It may nevertheless be conceded that unless the subsequent subsections of Section 112 do provide for at least one case of exemption which in some circumstances might be applicable to a distribution in liquidation of a corporation, the word "only" in the clause in Section 115(c) that the gain or loss "shall be recognized only to the extent provided in section 112" would have no meaning. In answer to the plaintiff's argument it is unnecessary to point out all the exemption clauses of Section 112 which may under some circumstances be applicable to distributions in corporate liquidation, since a single example will suffice to demonstrate the lack of basis for plaintiff's contention that her construction of subsection (b)(5) provides the only possible case.

Subsection (b)(3) of Section 112 provides that "No gain or loss shall be recognized if stock of securities in a corporation a party to a reorganization are, in pursuance of the plan of reorganization, exchanged solely for stock or securities in such corporation or in another corporation a party to the reorganization." In Commissioner of Internal Revenue v. Food Industries, Inc., 3 Cir., 101 F.2d 748, this court recently had before it a case in which the General Baking Corporation distributed to the taxpayer, Food Industries, Inc., which was one of its stockholders, shares of stock of its subsidiary, General Baking Company, pursuant to a plan of reorganization to which both corporations were parties. The distribution was in complete liquidation of the General Baking Corporation within the meaning of Section 115(c) but this court held that the gain resulting from it was not to be recognized for tax purposes since the transaction came squarely within the provisions of subsection (b)(3) of Section 112. See also Helvering v. Leary, 4 Cir., 93 F.2d 826, Helvering v. Schoellkopf, 2 Cir., 100 F.2d 415, Commissioner v. Kolb, 9 Cir., 100 F.2d 920, and Commissioner v. Whitaker, 1 Cir., 101 F.2d 640, in which the same reorganization was involved. In the light of the Food Industries case it cannot be said that the provision in Section 115(c) that gains or losses resulting from distributions in liquidation of a corporation are to be recognized "only to the extent provided in section 112," can have no meaning as a restrictive clause.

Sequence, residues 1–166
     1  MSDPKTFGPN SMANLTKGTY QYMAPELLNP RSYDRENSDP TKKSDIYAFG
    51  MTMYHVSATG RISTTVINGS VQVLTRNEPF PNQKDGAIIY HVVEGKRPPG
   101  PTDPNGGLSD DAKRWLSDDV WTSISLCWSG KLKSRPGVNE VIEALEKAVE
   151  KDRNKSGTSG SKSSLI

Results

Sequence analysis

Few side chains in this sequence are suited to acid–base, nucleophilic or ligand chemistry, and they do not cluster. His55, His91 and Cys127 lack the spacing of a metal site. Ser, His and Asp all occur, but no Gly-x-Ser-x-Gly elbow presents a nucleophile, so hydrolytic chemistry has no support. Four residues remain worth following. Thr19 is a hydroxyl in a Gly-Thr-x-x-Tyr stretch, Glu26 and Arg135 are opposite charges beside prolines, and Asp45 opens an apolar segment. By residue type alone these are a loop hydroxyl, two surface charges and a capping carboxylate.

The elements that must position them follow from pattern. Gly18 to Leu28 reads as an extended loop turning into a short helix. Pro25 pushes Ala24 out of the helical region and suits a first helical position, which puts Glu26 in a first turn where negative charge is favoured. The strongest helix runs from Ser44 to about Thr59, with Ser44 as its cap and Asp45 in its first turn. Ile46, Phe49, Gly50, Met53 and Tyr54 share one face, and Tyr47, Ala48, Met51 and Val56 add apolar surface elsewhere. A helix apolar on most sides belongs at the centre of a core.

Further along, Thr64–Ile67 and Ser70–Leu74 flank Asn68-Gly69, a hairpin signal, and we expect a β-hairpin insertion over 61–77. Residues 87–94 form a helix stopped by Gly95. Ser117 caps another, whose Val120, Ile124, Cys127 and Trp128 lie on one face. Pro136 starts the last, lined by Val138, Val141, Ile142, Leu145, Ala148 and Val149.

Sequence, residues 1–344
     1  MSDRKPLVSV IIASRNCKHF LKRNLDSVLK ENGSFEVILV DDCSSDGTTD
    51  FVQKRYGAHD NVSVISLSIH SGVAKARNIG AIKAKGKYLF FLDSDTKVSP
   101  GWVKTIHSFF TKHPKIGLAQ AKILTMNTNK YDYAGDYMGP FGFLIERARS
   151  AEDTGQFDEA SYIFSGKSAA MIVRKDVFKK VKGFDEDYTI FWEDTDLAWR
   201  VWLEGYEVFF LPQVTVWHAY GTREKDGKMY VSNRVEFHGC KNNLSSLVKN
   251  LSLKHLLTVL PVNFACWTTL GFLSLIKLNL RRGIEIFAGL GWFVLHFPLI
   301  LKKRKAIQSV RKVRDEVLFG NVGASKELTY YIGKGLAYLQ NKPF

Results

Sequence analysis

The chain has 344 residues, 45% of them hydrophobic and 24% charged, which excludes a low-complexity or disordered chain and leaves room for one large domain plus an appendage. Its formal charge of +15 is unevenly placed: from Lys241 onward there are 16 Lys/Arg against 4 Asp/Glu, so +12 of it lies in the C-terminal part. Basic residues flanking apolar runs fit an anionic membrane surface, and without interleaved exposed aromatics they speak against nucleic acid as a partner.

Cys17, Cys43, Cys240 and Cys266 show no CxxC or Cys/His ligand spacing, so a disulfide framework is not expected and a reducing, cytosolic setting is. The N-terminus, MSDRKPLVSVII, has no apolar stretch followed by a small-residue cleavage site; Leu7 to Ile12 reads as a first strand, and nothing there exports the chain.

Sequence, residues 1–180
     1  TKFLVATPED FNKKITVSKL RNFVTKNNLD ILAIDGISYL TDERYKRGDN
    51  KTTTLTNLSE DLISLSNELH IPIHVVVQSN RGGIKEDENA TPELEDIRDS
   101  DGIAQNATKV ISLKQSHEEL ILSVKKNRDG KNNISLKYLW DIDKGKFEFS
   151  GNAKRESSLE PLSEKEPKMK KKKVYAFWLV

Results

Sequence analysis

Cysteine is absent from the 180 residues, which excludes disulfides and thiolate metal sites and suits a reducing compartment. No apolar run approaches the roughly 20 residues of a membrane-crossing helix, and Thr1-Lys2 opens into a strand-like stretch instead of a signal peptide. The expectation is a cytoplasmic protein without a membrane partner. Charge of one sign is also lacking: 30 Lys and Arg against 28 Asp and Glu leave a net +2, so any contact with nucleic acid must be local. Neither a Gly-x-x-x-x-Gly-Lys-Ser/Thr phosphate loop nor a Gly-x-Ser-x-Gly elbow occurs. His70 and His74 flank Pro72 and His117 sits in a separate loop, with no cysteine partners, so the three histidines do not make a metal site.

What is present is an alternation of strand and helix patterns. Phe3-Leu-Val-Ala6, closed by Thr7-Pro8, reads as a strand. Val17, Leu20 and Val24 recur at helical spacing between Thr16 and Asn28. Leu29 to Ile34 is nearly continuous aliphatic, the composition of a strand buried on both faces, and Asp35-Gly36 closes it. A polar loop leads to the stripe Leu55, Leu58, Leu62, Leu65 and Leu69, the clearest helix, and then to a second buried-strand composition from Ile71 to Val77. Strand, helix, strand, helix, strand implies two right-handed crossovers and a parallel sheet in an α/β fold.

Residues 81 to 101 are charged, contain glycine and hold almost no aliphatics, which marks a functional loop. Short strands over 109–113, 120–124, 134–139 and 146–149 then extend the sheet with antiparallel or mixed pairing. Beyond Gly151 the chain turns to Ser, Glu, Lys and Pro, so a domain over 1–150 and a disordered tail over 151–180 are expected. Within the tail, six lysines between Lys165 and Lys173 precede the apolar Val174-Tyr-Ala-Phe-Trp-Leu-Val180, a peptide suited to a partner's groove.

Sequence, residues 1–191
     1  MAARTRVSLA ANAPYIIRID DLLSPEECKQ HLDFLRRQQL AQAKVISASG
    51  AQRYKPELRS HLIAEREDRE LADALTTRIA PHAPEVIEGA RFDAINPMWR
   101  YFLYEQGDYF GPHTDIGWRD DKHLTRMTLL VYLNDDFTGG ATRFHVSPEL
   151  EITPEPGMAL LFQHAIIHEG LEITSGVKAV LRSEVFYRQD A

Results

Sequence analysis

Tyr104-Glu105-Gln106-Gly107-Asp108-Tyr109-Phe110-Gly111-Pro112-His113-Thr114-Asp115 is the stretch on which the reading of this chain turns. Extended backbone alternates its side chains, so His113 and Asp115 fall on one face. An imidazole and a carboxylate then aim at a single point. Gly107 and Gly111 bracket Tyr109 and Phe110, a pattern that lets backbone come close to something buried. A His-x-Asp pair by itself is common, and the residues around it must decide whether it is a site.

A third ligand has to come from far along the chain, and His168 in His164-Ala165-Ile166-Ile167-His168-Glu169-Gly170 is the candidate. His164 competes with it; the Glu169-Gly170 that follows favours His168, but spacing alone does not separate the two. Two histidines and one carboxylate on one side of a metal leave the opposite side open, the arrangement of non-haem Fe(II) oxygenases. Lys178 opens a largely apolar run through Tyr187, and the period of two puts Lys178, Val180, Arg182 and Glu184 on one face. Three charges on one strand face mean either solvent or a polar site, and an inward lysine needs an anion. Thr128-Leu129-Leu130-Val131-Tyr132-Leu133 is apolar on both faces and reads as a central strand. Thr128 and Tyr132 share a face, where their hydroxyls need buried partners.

The plaintiff rested her case upon her interpretation of subsection (b)(5) of section 112. She does not point to any other clause in that section which would exempt from taxation the gain she derived from the distribution she received from Bellevue, Inc. If follows under the express provisions of Section 115(c) and Section 112(a) that her gain was subject to income tax. She concedes that if this be so the amount of the tax exacted from her was proper.

The judgment is affirmed.

19390410

© 1998 VersusLaw Inc.